The University of Michigan is building a 32-acre simulated city center complete with building facades, stoplights, intersections, traffic circles, and even construction sites to test driverless cars.
The simulated city, scheduled to be open this fall, will let researchers test how automated and networked vehicles respond to various and dangerous traffic situations and road conditions.
Having a spot where researchers can evaluate the safety of autonomous systems is a critical step in getting self-driving cars on the road.
"The type of testing we're talking about doing, it's not possible to do today in the university infrastructure," said Ryan Eustice, associate professor of naval architecture and marine engineering, in a statement. "Every time a vehicle comes around the loop, it can hit something unusual. That will give us a leg up on getting these vehicles mature and robust and safe."
There's an increasing amount of attention being paid to creating fully autonomous cars.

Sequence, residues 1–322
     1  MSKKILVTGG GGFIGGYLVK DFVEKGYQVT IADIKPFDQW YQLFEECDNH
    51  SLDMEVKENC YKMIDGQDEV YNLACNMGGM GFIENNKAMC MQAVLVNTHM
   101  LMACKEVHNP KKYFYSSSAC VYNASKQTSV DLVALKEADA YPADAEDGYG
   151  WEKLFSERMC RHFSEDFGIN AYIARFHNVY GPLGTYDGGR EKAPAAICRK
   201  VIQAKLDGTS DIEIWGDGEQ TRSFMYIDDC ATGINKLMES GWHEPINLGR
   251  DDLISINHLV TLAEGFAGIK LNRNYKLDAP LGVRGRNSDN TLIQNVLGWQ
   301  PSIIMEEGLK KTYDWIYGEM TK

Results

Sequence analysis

Sure, the auto industry has cars on the market that can parallel park themselves and alert the driver if they're about to back up into something.
However, Google, for instance, is working on creating fully driverless cars. The company has been road testing these cars for several years, having them drive on highways and, more recently, on city streets.
Then late last month, Google announced that its developing a car from the ground up that has no steering wheel, brake or gas pedals.
The University of Michigan's new test facility is set up to model the kind of networked and automated automobiles that university researchers expect to find in Ann Arbor by 2021.
A networked vehicle communicates with other vehicles in the area, sharing information about traffic speeds, jams and detours. Both networked and autonomous cars should dramatically reduce crashes, ease traffic and reduce pollution.
There's no word yet on whether Google will be one of the companies using the test facility.
However, the university announced that Ford will be testing its Fusion hybrid there. University scientists are working with Ford engineers to develop sensors and mapping technology for the vehicle.
The facility is being built to include merge lanes, road signs, railroad crossings and even mechanical pedestrians.
Sharon Gaudin covers the Internet and Web 2.0, emerging technologies, and desktop and laptop chips for Computerworld. Follow Sharon on Twitter at @sgaudin, on Google+ or subscribe to Sharon's RSS feed. Her email address is firstname.lastname@example.org.
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